12”

12” speakers are the speaker size. They are the most common and balanced out of all the speaker sizes, and they are beloved by guitarists and bassists alike. These speakers can be seen on stages and heard on records constantly, and there’s a reason why. 

In terms of tone, 12” speakers are very balanced. They provide a great mix of lows, mids, and highs, which is why they are used so frequently. They can do a great job with nearly any style of music, in the studio or onstage. As expected, they are also louder than 10” speakers, making them better suited for larger venues or scenarios where you need more volume. 

These speakers also have few downsides. They provide a good response across the frequency range, more a decent amount of air, and are suited for a wide variety of musical contexts. That said, they don’t excel in any area in particular. If you want very deep lows or strong and punchy highs, you may be better off choosing another size. But if you want everything balanced out, they are a great option. 

15”

15” speakers are the biggest size speakers that are commonly used. Many bassists swear by 15” speakers, and many guitarists love their low end as well. Despite their size, they are still incredibly common. And as you probably guessed, they are louder than 10” and 12” speakers.

A big speaker means a deep tone. 15” speakers provide a lot of low end, giving you all the bass you need. This has made them very popular amongst bassists, as well as guitarists in search of powerful low end. They can be a great option if you are looking to add some weight and bottom end to an instrument or amp that is lacking.

Larger speakers like 15” ones can also provide more headroom. They can get louder before breaking up, so they can be incredibly useful if you want very loud and clear cleans. Their size also gives them a certain harmonic richness and depth.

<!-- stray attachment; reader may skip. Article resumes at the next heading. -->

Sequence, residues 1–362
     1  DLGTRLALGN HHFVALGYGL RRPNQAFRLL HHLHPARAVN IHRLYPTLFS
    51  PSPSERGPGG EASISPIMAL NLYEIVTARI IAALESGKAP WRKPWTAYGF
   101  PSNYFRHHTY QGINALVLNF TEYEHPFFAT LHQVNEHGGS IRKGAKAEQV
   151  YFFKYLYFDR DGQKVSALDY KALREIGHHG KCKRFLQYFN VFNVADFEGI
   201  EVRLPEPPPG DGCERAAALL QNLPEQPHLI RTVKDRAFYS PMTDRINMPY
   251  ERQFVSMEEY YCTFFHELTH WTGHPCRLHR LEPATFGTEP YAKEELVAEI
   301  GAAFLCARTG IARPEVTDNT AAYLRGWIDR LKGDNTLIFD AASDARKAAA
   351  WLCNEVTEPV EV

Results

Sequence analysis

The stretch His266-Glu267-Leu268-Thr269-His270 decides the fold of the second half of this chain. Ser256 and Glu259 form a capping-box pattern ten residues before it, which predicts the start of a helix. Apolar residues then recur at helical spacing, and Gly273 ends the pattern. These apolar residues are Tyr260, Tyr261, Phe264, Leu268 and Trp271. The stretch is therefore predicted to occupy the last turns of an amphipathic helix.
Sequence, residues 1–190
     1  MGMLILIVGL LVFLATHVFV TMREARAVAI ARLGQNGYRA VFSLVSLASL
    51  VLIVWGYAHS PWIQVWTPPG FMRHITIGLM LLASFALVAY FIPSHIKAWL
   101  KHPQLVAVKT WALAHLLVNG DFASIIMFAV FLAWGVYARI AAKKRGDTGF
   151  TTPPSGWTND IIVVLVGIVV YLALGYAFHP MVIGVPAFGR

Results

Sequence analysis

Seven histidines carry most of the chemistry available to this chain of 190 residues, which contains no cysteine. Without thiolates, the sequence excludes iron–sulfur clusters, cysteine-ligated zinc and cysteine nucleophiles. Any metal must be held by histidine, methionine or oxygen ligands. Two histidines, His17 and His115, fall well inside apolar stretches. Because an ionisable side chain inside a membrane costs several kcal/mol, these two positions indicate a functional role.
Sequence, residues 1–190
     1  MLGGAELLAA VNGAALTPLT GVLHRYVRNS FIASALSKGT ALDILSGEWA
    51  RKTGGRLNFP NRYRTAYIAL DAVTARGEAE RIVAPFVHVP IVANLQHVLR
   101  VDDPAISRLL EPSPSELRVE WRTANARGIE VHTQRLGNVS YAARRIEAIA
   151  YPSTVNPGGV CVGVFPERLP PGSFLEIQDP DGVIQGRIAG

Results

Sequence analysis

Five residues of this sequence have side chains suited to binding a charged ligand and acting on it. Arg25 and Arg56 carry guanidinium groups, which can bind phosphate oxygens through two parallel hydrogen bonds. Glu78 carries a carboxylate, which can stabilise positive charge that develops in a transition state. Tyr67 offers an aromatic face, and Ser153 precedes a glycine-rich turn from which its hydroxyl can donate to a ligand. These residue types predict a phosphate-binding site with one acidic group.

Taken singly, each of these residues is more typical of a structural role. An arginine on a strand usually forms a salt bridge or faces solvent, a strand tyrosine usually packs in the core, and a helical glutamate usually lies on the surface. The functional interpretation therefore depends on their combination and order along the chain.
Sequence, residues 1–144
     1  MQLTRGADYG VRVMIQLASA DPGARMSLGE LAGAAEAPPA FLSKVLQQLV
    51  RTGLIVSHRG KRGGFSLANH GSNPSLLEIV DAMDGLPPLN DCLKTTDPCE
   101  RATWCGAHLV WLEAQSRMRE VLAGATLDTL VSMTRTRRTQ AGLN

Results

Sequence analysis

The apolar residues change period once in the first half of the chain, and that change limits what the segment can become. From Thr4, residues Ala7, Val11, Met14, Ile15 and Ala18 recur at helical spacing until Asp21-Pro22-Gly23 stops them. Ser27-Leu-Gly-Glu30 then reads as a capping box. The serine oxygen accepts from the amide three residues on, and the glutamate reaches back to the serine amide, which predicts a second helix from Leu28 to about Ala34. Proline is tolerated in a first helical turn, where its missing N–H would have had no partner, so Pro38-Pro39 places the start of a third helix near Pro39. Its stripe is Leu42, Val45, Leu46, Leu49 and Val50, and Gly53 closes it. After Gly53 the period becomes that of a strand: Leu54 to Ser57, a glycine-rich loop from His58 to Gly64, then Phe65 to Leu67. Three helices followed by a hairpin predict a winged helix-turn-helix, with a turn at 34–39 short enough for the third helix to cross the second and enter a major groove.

All that said, they do have downsides—most notably, size. 15” speakers are big and can be a pain to move. If you’ve ever showed up to a gig only to find out you need to go down (or up) a flight of stairs, you know how annoying large and heavy gear can be.

Other Sizes

Before wrapping up, let’s cover a few of the less common speaker sizes. Though they are used less frequently, these speakers also have their own uses.

6” and 8”

6” and 8” are very small, but they do have practical use. These speakers provide an even punchier tone with more focus on mids and highs than 10” speakers. Though these speakers are relatively uncommon on their own, they are commonly used in combination with other speakers. For example, someone might have a cabinet with an 8” and 12” speaker, with the 12” providing balance and the 8” giving a little extra high end punch. 

18”

The opposite of the previous speakers, 18” speakers are huge. They provide tons of low end and headroom, as well as lots of volume. Many bassists love these speakers because of their smooth and powerful bass response. These are used on their own, but they are also often matched with other sizes as well. A cabinet with an 18” speaker and a 10” speaker can provide tons of lows but with enough high and mid punch. 

The main reason these speakers are not more common is size. 18” speakers are big and cumbersome. They may sound great, but most simply do not feel like lugging them around to gigs. That said, they are often used in the studio where they don’t have to be carried up and down flights of stairs. 

Conclusion

Speaker size may seem inconsequential when there are a dozen other factors impacting your tone, but they are very important to the final result. A big 15” speaker can give you tons of low end and headroom, and a 10” speaker can give you punch highs and mids with great listening angles. 

Finding the best speaker size (or combination) for you is an essential part of finding your tone. We recommend trying out a bunch of different speaker sizes and figuring out what you like best. And don’t be afraid to mix and match; experimentation can yield great results.